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From: Eddie Diener (eddielee_at_[hidden])
Date: 2004-07-05 18:21:06

Vladimir Prus wrote:
> Edward Diener wrote:
>>> I had in mind situation where there are two applications -- one
>>> which uses narrow version and another which uses wide version. If
>>> each library is used by several apps -- which is likely, and not
>>> all those apps agree and narrow/wide question, you really need to
>>> install two versions for each library.
>> I don't understand what you are saying in the penultimate clause
>> "and not all those apps agree and narrow/wide question". If an
>> application uses both the narrow and wide versions of a library,
>> then of course it will have to include both of them. My own
>> experience is that most applications will use one or the other.
> Probably we misunderstand each other because I have in mind Linux
> model of application installation. Each application and each library
> is a separate package. Typically, a library is used by several
> applications.

That's normal.

> Now, I have a number of library packages. Say no application uses
> wide char interface at the moment, so only narrow libraries are
> installed, Now, a single application decides to use wide interface,
> so its package now depends on wide libraries. As the result, I have
> to install, in addition to some narrow libraries, their wide
> equivalents.

You only have to install the appropriate wide equivalents. There is nothing
to say that a wide character application uses all wide character libraries.
Obviously whatever wide character implementations it uses should be a
package which can be installed as part of the application distribution.

> After enough applications decide to use Unicode, most
> libraries will have to be installed in two flavours.

How is this worse than having a single version which has both wide and
narrow character equivalents ? You are not saving anything in this latter
way, and you are definitely worse than if the libraries were separate and
you only used one or the other versions in your applications.

>> I think C++ should have template specializations for all of its
>> native character types in its standard libraries whenever a
>> character is being used properly as a native character type type.
>> Currently C++ has two native character types, 'char' and wchar_t'.
>> In the future who knows whether ot not other native character types
>> will be added, perhaps a specific Unicode type. Using templates, and
>> having specializations of its native character types, makes it much
>> easier for C++ to adapt other future character types as native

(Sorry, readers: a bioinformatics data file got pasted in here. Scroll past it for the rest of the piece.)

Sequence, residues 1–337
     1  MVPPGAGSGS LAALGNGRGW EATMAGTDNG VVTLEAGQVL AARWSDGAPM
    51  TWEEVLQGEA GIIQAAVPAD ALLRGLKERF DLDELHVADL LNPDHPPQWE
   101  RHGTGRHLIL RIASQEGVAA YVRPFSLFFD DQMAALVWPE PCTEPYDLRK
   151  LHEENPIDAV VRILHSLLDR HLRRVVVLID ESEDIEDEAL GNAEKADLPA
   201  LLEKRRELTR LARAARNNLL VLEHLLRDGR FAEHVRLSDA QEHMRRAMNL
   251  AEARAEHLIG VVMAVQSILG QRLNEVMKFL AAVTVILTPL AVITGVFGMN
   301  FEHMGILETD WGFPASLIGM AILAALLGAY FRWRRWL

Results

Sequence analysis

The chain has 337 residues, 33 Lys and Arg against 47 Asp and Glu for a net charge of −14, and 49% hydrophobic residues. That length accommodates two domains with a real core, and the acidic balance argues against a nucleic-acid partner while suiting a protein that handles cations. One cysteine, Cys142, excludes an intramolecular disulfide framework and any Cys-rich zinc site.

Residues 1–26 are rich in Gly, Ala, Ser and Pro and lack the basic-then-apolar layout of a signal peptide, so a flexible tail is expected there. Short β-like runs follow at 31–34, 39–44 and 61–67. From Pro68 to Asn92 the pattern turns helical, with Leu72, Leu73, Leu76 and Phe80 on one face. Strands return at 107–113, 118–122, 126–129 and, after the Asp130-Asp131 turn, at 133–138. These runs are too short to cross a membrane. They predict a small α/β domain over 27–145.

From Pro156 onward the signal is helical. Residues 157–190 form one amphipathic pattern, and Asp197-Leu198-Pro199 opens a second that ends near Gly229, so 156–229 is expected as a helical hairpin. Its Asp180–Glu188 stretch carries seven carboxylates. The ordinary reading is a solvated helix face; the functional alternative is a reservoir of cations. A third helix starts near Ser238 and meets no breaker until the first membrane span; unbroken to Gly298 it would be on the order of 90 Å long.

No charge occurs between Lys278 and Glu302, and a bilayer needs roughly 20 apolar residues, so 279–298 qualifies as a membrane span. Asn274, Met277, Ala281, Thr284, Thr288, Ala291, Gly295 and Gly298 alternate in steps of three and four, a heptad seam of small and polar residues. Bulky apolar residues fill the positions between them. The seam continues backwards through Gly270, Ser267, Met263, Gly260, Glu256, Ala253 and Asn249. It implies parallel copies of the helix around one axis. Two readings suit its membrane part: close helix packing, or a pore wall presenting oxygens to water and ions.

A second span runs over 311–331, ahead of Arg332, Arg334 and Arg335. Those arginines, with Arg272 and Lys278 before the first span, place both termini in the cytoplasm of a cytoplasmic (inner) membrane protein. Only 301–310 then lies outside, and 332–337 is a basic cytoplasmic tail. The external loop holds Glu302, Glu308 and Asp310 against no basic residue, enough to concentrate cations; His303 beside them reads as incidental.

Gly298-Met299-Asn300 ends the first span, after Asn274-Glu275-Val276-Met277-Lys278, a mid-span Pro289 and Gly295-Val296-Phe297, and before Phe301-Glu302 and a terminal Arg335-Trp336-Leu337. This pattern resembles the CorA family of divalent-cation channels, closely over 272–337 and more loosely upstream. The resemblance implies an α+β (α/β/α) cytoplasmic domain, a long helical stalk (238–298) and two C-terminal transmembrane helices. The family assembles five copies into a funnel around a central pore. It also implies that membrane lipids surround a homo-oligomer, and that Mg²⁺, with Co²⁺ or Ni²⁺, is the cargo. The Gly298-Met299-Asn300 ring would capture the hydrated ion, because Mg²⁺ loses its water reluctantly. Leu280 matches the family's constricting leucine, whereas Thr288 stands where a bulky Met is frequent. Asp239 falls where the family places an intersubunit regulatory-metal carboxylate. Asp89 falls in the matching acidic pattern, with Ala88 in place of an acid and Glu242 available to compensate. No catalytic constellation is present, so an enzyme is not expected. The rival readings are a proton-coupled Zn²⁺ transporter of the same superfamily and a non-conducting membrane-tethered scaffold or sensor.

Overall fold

>> character types.
> I don't think this is very likely for new character types to appear.

I do. I would be very surprised if C++ does not adapt new character types in
the years to come. Do you really think that if the programming world settles
on other standard character representations that C++ will adamantly ignore
it ? Even now a number of programmers would like to see C++ support one of
the Unicode standards natively, most likely UTF-32.

>> Even when other native
>> character types are not added to C++, creating one's own
>> implementations of character types is much easier when templates and
>> specializations are used. We have this wonderful facility in the C++
>> language, templates. Not using it, because an application might have
>> to use different character types and include more than one
>> specialization, seems illogical to me.
> I'm actually worried that when using templates in a straight-forward
> way, all libraries will have to some in two variants or be twice
> larger, which is bad because of:

No. There is nothing saying that a library must support more than one
character type. But if it does, isolating each character type in its own
header files and libraries is the right design.

> - code size reasons,
> - configurations reason (just one more configuration variant to worry
> about)
> - interoperability/convenience? (what if I use unicode paths and want
> to pass narrow string to one of the operators?)

None of your reasons holds much weight. Code size wouldn't be affected since
each implementation is in its own library. There is nothing to configure
since character types are part of the C++ standard. If you need to pass a
unicode path to a narrow string operator, you the programmer are either
doing something wrong or, if there is a valid conersion, you can make it
yourself ( like wcstombs ).

> With a bit of additional design, it's possible to make library use one
> representation internally, and have either non-templated interface,
> or a tiny templated facade. E.g:
> boost::path p;
> p = p / L"foo" / "bar";
> does not seem all that bad thing for me.

It is possible to do that if you can convert all character types into your
internal representation. Even here I am paying for conversionsa back and
forth I may not need. I therefore would prefer separate templated libraries.
Why make headaches for oneself ? I am always in favor of designs which are
clear and understandable over all other considerations. The headaches one
brings about in the future by trying to save a little size of speed in the
present are innumerable. If there is a conversion between character types, I
don't mind if a library for a particular character type supports it. When I
say different libraries for different character types it doesn't preclude
conversion routines.

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